“The old, old story,” –in a new, new way.
~ Title page of Wired Love: A Romance of Dots and Dashes
Ella Cheeva Thayer (1849-1925) was a novelist, playwright, and telegraphist. She was a telegraph operator at the Brunswick Hotel in Boston, Massachusetts, and her experience there became the foundation for her novel, Wired Love: A Romance of Dots and Dashes. The book, published in 1879 (according to Library of Congress) [or 1880, according to almost all other sites], was a bestseller for 10 years. [Wikipedia]
This love story follows a female telegraphist (Nattie, short for Nathalie), a young woman working as a telegraphist in the big city. She begins an acquaintance with “C”, an operator at a distant country station whose skills surprise her–as most country operators aren’t nearly as skilled. The story unfolds with surprises, fun, interesting developments, and though written 137 years ago, it’s definitely worth reading. I learned so much more about the operation of the telegraph and how it really worked. As an author who desired to know more about the true-to-history operation of the telegraph, the lives of the operators and the challenges they faced, I found this book an incredible help.
“B m — X n;”
which same four mystic letters, interpreted, meant that the name, or, to use the technical word, “call,” of the telegraph office over which she was present sold presiding genius, was “B m,” and that “B m” was wanted by another office on the wire, designated as “X n.”
A little, out-of-the-way, country office, some fifty miles down the line, was “X n,” and, as Nattie signaled in reply to the “call” her readiness to receive any communication therefrom, she was conscious of holding in some slight contempt the possible abilities of the human portion of its machinery.
~ Opening page of Wired Love: A Romance of Dots and Dashes
Reading this surviving Victorian-era love story between two telegraph operators shortly after reading the nonfiction title The Victorian Internet: The Remarkable Story of the Telegraph and the Nineteenth Century’s On-Line Pioneers, was most helpful. Between the two titles, I learned enough to comfortably address the reality of telegraphs in the Old West. Added benefits: immersion in the language of the day, insights into courting practices and true Victorian American attitudes, a glimpse of history such as boarders in hotel-apartments, the reality of a private telegraph line, how one telegraph station ‘called’ another, how downtime was spent on the line, and so much more.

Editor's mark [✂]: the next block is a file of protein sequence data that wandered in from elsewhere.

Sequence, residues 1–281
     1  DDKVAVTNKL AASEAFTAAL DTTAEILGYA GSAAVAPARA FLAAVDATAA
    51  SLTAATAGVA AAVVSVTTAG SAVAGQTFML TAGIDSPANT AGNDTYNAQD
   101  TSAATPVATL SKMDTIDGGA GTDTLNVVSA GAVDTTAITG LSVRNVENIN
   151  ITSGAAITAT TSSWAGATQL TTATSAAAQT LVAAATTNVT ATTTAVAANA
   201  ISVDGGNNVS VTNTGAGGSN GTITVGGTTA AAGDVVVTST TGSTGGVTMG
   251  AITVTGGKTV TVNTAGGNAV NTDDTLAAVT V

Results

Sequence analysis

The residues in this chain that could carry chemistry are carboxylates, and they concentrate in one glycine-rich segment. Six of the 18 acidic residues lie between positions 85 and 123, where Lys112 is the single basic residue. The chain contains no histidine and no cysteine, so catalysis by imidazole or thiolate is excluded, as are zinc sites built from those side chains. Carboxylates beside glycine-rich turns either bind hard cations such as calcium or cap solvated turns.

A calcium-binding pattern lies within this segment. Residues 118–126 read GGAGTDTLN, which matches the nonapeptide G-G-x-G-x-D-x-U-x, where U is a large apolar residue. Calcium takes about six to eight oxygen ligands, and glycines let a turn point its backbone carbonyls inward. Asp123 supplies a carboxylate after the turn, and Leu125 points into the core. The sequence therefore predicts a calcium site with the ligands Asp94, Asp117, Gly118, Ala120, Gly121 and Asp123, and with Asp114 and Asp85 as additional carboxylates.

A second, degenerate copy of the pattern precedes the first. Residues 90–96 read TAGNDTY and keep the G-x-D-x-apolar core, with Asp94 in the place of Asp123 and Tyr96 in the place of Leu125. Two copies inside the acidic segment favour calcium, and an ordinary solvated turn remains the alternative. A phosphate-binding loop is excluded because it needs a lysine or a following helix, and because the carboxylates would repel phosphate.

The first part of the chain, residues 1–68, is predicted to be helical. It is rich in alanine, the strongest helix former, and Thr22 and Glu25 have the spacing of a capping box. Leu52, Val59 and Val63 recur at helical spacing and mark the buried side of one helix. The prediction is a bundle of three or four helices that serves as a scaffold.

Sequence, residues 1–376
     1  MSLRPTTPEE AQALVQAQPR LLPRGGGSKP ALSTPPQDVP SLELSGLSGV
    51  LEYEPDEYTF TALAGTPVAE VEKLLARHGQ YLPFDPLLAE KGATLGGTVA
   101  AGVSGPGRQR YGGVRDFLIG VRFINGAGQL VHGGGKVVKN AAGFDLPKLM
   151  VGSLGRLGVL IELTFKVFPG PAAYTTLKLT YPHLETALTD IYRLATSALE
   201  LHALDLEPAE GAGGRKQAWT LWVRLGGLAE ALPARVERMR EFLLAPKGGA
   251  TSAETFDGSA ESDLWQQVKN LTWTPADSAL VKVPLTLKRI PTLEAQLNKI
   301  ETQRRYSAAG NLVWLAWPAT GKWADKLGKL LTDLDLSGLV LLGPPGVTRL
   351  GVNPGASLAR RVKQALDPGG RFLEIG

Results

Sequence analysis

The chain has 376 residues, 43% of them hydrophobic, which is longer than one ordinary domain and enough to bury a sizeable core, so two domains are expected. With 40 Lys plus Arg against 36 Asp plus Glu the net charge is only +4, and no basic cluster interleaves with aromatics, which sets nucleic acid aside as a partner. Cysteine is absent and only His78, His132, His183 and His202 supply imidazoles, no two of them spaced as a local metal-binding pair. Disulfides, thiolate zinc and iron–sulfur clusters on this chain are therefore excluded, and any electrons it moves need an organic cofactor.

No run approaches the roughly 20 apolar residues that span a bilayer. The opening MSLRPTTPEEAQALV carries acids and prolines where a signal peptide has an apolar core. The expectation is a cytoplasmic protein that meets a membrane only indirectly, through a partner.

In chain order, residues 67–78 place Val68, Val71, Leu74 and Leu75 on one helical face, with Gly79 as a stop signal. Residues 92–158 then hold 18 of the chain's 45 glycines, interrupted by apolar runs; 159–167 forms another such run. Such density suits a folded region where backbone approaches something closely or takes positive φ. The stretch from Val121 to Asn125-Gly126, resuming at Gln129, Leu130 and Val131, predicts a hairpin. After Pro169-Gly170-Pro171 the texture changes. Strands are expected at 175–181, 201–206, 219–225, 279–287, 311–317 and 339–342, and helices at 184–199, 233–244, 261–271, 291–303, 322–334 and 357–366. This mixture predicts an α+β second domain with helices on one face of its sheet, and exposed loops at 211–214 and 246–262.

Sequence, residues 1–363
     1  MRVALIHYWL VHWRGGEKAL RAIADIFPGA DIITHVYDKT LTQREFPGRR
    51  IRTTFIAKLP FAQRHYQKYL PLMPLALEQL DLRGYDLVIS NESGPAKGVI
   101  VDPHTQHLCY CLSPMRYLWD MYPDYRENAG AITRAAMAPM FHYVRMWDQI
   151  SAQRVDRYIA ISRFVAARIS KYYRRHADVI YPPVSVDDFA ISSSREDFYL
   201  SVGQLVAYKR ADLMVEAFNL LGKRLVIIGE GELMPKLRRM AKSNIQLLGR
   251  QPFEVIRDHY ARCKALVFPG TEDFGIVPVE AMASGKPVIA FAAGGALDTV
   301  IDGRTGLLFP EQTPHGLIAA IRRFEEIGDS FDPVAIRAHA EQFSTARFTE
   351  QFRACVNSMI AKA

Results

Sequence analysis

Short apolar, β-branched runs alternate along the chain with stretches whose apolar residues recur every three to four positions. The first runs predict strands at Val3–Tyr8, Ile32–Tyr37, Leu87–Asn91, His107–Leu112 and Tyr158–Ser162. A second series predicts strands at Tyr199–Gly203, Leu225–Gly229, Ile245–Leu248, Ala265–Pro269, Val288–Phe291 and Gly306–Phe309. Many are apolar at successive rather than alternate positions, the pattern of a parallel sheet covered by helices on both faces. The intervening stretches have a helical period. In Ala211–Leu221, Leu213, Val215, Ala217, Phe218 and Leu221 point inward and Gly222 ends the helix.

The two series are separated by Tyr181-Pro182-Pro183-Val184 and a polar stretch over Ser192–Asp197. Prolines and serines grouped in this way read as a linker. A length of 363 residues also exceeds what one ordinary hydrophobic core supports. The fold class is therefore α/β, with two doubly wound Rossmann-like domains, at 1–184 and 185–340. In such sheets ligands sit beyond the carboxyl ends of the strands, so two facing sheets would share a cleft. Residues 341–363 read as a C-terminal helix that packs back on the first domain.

- My Book Affair (review of this title)
- Collision Detection: “Wired Love”: A tale of catfishing, OK Cupid, and sexting … from 1880
BOOK REVIEW: Buying a Bride by Marcia A. Zug BOOK REVIEW: The Victorian Internet: The Remarkable Story of the Telegraph and the Nineteenth Century’s On-Line Pioneers BOOK REVIEW: Fair Play by Deanne Gist BOOK REVIEW: The Pony Express: The History and Legacy of America’s Most Famous Mail Service BOOK REVIEW: Island of Vice: Theodore Roosevelt’s Doomed Quest to Clean Up Sin-Loving New York, by Richard Zacks BOOK REVIEW: Object: Matrimony, by Chris Enss BOOK REVIEW: The Doctor Wore Petticoats, by Chris Enss BOOK REVIEW: Hearts West: True Stories of Mail-Order Brides on the Frontier, by Chris Enss BOOK REVIEW: Legends of the Wild West: Tombstone, Arizona, by Charles River Editors BOOK REVIEW: The Transcontinental Railroad: The History and Legacy of the First Rail Line Spanning the United States, by Charles River Editors BOOK REVIEW: The History of the Telephone, by Herbert Newton Casson BOOK REVIEW: Life in a Victorian Household, by Pamela Horn BOOK REVIEW: Things Mother Used to Make: A Collection of Old Time Recipes, Some Nearly One Hundred Years Old and Never Published Before BOOK REVIEW: Legends of the West: The History of the James-Younger Gang, by Charles River Editors
Copyright © 2016 Kristin Holt, LC